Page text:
The Twenty-Five Dollar Engine

By Staff
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18 Dolbeare Drive Louisiana, MO 63353

An article in the June issue of G.E.M. sort of reminded me of
the acquisition of my first antique engine which was about twenty
five years ago.

I was born and reared in Eolia, a small town of about 300 people
in east central Missouri. They used to have benches on the streets
for people to sit and visit. One day I was sitting on a bench
talking to a Mr. Horace Hoskins who was about 85 years old at the
time.

I expressed the desire of obtaining an old engine, and he
replied that he had one he no longer needed and would be willing to
sell. Then he told me a little of the history of the engine.

This engine is a 1? HP model Z Fairbanks-Morse. John Booloodian,
who operated a candy kitchen and ice cream parlor in Eolia bought
this engine new in 1916 for twenty-five dollars. He used the engine
on a five gallon ice cream freezer from 1916 until 1925 when
electric power was brought into town. At that time Mr. Booloodian
replaced this engine with an electric motor. Mr. Hoskins bought the
engine from Mr. Booloodian. Mr. Hoskins said, ‘Mr. Booloodian
stated that he got twenty five dollars worth of good out of it so
he would sell it to me for twenty five dollars.’ Mr. Hoskins
used this engine on a water pump for a while. Then, as he was a
carpenter, he put the engine on a concrete mixer and it was used
that way for years. When I asked Mr. Hoskins how much he wanted for
it, he gave a little laugh and said, ‘Well, I paid Johnnie
twenty-five dollars for it, and I guess I got twenty-five dollars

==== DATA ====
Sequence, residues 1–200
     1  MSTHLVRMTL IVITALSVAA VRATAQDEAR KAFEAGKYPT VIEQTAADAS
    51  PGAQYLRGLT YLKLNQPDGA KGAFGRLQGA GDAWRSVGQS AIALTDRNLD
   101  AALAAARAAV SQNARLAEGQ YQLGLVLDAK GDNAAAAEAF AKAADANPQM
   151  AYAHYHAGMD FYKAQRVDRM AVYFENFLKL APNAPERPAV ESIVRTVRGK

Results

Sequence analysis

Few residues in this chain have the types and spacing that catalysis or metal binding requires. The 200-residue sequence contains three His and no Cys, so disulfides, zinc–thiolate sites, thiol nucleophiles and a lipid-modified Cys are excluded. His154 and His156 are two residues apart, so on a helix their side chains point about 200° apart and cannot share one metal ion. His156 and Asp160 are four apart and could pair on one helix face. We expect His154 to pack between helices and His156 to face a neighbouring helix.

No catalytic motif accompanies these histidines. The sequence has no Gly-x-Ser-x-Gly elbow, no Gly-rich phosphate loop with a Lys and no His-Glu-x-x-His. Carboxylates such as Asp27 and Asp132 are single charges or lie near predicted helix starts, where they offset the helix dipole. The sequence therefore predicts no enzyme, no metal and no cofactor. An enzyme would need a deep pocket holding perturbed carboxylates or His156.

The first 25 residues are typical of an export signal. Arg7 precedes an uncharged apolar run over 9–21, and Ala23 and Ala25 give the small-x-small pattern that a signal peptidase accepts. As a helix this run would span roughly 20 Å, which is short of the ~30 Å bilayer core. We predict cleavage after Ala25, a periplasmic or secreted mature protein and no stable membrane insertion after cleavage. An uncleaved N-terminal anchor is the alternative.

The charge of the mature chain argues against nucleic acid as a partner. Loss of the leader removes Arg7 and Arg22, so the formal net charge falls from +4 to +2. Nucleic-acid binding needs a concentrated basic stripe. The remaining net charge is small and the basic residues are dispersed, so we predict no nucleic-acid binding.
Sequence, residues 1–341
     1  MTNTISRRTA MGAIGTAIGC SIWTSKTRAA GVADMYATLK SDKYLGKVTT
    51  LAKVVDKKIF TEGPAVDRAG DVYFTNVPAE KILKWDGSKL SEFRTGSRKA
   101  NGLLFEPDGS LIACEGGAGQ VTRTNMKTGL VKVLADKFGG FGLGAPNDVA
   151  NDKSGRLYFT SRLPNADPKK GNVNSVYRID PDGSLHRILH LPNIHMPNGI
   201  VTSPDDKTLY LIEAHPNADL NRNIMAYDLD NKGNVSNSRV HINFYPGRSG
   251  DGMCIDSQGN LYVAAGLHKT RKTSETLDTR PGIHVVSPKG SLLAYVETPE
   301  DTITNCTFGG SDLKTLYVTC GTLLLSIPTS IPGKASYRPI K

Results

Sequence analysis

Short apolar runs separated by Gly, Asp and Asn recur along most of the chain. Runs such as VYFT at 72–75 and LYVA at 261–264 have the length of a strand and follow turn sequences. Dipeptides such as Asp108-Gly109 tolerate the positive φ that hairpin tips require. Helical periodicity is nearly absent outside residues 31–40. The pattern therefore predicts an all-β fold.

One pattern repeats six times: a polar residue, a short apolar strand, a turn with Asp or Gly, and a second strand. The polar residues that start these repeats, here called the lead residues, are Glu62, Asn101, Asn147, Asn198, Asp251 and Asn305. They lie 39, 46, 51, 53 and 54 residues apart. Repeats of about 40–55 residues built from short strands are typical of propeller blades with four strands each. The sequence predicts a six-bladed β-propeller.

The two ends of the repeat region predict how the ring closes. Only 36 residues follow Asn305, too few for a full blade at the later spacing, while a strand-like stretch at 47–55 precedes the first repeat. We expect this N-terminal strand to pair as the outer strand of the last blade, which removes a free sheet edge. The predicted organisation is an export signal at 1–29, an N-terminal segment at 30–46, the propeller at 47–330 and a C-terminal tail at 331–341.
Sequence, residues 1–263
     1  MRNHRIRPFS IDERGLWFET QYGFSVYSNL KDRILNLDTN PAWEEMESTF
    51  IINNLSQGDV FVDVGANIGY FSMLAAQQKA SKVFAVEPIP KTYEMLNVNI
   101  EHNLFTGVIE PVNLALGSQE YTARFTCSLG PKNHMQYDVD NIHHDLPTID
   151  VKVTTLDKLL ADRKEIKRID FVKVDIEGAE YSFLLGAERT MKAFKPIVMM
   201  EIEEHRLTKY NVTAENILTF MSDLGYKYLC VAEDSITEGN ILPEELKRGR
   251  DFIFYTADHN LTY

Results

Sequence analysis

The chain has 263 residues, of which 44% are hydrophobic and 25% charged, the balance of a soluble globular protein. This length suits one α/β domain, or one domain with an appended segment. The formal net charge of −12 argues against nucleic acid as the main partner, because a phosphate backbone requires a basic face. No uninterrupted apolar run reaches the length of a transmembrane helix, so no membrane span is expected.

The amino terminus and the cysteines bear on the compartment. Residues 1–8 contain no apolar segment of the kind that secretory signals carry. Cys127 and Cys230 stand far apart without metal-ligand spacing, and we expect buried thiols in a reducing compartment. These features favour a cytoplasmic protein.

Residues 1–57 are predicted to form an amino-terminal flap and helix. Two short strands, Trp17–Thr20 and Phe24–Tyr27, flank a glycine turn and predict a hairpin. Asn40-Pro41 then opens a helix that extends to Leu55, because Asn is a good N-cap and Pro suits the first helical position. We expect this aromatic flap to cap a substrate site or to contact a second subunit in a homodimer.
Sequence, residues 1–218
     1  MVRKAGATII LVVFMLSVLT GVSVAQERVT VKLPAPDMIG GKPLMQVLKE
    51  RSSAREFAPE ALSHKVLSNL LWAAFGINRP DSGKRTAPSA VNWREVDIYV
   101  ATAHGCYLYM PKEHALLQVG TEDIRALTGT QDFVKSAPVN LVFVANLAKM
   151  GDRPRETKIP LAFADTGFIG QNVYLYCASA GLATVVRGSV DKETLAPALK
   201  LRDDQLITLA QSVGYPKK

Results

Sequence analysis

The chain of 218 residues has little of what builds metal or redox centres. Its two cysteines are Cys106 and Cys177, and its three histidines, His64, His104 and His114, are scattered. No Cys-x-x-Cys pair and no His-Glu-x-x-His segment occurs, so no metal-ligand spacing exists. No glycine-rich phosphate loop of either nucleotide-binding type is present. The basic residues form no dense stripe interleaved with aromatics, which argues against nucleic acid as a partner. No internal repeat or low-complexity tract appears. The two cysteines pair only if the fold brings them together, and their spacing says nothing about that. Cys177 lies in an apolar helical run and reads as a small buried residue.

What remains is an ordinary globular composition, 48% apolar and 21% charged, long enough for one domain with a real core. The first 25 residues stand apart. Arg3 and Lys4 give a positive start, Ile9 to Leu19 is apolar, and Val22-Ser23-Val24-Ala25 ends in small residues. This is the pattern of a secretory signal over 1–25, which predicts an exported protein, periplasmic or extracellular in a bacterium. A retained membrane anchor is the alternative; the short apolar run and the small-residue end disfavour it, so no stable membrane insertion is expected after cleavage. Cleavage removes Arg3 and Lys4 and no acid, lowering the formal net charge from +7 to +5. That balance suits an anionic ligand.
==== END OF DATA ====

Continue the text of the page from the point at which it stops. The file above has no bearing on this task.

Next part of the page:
worth of good out of it, so I will sell it to you for twenty five
dollars.’

I never have been able to figure out their reasoning, but you
may be assured I have not got my twenty-five dollars worth of good
out of it yet and I don’t think it likely I will. In other
words, it is not for sale!

I thought I was buying only the engine, but he sold me the
complete mixer. He had mounted it on a wood frame, which was about
rotted out. Later, I loaned the mixer to my good friend Clarence
Fischer of Clarksville, MO, who by the way is retired as a
field-man for the John Deere Company. Mr. Fischer, a man of many
talents, and a good craftsman, decided to rebuild the frame of the
mixer. He used steel and really did a wonderful job. It should last
forever and that’s a long time.

Of all the use this engine had during the years, it is still in
its original configuration and has never been overhauled. It starts
easy and runs good, and if you stay with the mixer for 8 hours you
will know you have done a day’s work.

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Preserving the History of Internal Combustion Engines